Posted on March 24, 2022
FORMULA ONE IS BACK IN SAUDI ARABIA this weekend less than four months after it debuted its new Jeddah facility. And changes brought on by the FIA after several incidents in that race could even enhance its reputation as the fastest street circuit on the 2022 calendar.
These largely consist of opening up sight-lines through corners by moving barriers further back, while Turn 27 – the final turn – has been widened by the removal of a grandstand, which is expected to make the lap slightly faster.
It’s good to see Turn 13 still features 12 degrees of banking, helping the rapid flow of the circuit that makes it the second-quickest lap of the year overall, after Italy’s Monza.
The 50-lap Saudi Arabian Grand Prix is the second consecutive night race on the calendar, which means that track temperatures can differ between the sessions – as was the case in Bahrain – with FP2 and qualifying more representative of race conditions.
Pirelli has again chosen the compounds in the middle of the range: C2 as the P Zero White hard, C3 as the Yellow medium, and C4 as the Red soft. This time though the teams head into Jeddah with no experience of these tyres and cars on the circuit.
The new surface from last year offers a good level of grip (scoring three out of five in Pirelli’s classification) and reasonably contained levels of asphalt abrasion (scoring two out of five in Pirelli’s classification), which should lead to moderate wear and degradation.
The severity of the loads and speeds is average, with overall tyre stress scoring three out of five. Due to the rapidly flowing layout, the track is not particularly demanding in terms of traction and braking (scoring two out of five in Pirelli’s classification). A high degree of track evolution over the weekend is expected, thanks also to the Formula 2 support race programme.
“Jeddah marks a completely different challenge compared to the opening grand prix in Bahrain due to the diverse track characteristics, both in terms of layout and asphalt.
“Drivers will also use a softer range of compounds this weekend to cope with the specific demands of the track, which is nearly as quick as Monza. The teams head into Jeddah with no experience of these tyres and cars on the circuit.
“And conditions could be somewhat different from last time in Saudi Arabia, with the race now being held at a different time of year and a few track modifications in store.
“The nominated compounds are the same as 2021, but their make-up has also changed entirely from last year.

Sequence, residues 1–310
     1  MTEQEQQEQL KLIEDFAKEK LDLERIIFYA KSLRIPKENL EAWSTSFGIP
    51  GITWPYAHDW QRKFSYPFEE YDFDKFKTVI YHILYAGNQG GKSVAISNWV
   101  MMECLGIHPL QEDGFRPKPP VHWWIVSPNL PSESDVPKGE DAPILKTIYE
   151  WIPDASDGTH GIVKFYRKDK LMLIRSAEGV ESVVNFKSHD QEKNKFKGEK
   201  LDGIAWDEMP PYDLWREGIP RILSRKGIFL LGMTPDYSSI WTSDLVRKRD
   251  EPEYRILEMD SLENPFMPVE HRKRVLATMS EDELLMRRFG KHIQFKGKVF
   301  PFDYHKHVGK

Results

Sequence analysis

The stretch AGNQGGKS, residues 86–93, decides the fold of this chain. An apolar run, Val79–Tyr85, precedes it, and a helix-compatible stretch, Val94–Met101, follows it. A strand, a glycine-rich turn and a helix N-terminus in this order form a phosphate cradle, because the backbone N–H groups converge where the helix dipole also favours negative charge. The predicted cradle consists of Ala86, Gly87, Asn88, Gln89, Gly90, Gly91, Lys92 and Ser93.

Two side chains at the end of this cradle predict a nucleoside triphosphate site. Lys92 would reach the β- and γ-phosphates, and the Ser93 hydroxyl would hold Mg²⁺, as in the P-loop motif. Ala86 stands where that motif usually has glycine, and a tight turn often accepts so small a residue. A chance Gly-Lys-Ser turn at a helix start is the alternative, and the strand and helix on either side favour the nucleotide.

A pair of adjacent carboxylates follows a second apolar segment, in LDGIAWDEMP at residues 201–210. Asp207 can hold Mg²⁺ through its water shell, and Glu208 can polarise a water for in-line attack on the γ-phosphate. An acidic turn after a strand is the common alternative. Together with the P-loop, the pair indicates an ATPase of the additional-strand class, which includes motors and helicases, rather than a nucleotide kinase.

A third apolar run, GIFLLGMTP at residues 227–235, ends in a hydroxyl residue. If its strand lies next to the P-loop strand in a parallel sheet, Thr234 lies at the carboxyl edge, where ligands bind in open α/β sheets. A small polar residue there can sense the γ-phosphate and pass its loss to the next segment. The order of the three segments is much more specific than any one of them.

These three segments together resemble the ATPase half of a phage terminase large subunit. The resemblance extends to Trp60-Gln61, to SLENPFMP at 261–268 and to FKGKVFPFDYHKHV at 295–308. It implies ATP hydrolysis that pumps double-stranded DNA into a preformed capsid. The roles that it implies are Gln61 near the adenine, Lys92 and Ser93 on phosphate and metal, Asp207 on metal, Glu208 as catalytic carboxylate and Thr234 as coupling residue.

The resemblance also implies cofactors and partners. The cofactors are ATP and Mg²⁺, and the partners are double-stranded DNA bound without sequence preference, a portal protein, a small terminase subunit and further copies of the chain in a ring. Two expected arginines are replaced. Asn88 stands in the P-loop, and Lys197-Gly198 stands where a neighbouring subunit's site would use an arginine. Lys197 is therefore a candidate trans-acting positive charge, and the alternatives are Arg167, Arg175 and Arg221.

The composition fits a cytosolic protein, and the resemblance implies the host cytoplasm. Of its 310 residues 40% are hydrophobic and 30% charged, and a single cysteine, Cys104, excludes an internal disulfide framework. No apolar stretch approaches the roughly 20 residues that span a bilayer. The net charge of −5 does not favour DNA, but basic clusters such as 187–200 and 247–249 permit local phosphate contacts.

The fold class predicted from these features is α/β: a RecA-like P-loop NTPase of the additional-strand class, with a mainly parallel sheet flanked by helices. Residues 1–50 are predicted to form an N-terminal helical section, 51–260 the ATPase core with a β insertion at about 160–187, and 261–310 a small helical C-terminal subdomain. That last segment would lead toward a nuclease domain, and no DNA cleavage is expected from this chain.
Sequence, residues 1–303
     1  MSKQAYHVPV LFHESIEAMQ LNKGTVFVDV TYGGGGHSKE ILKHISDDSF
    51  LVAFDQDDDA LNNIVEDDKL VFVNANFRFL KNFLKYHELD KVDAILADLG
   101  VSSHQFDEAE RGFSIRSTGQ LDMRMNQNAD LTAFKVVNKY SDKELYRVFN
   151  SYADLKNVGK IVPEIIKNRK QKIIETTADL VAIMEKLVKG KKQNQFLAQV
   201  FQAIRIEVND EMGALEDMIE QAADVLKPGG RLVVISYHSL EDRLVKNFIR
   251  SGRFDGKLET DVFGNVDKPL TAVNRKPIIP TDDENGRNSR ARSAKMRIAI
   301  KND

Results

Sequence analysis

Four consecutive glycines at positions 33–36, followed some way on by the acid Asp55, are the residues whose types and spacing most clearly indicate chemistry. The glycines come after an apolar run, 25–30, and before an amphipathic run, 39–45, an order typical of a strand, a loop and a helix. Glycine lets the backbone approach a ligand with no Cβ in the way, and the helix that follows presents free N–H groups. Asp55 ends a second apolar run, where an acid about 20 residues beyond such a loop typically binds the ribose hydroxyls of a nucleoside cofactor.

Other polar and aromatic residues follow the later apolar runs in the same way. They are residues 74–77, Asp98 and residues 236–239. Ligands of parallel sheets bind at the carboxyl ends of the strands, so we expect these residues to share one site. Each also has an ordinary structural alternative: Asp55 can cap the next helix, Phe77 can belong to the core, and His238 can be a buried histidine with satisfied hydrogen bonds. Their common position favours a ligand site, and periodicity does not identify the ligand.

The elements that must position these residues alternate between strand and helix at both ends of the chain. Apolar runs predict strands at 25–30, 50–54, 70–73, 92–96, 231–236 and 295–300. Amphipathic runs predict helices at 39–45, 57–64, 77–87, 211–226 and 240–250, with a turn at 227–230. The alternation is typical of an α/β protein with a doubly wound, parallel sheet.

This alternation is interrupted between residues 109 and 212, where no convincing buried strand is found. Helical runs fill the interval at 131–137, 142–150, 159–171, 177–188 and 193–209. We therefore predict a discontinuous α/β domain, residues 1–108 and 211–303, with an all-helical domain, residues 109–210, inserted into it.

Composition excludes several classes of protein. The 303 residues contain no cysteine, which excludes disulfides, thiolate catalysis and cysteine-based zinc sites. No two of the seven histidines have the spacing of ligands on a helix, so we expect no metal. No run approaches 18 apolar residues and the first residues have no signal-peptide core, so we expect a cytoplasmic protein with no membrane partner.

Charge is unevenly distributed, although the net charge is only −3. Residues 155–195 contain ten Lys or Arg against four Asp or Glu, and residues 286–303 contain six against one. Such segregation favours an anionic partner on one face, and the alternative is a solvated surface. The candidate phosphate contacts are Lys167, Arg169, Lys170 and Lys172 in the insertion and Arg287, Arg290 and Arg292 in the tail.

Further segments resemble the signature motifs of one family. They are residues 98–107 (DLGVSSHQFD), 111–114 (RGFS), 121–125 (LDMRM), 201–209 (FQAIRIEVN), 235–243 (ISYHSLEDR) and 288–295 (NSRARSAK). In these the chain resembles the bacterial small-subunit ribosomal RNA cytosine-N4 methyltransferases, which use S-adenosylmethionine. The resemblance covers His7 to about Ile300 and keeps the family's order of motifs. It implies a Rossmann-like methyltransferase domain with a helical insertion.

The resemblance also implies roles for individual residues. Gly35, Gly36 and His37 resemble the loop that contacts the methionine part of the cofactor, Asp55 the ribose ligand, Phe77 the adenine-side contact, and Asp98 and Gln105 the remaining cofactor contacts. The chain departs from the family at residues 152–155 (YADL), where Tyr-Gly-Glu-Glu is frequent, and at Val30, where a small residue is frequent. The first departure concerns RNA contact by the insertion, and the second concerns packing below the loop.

“As a result, the teams will have a lot of work to do to assimilate as much data as possible during free practice, especially in FP2 which will be the only relevant session, being held at the same time as qualifying and the race.” Mario Isola.
The Formula 2 season continues in Jeddah with the P Zero Yellow medium and Red soft compounds – a step harder than the supersoft, which was the softest option last year.
Mario reckons the soft will present a different challenge for drivers, adding more options in terms of strategy and helping with any potential safety car restarts.
There is no refuelling during qualifying this year, so the cars will now be heavier at the start of the session: the soft delivers more versatility across different fuel loads and has a longer life, enabling the drivers to push harder for longer.
Each driver has five sets of tyres (three medium and two soft) to use across the weekend.
Aussies Jack Doohan and Calan Williams will be out to make amends!
With the release earlier this week of the report into Abu Dhabi, FIA president Mohammed Ben Sulayem said negotiations are underway with Michael Masi to determine where he can fit into the governing body.
“We are grateful of the three years that he invested with us and he put his time in. We are negotiating with him, of course, to stay in the FIA. He’s an important figure to us. So our people are negotiating other, I would say not a job, but another place for him within the FIA.” FIA president Mohammed Ben Sulayem
Masi hasn’t spoken publicly since the drama that rocked motorsport, so it will be interesting to see what unfold in coming weeks.
At 44, he’s a young man and should he hang with the FIA there’s no reason why he shouldn’t be back in one of the most prestigious roles in world motorsport in a couple of years!
What do you think?
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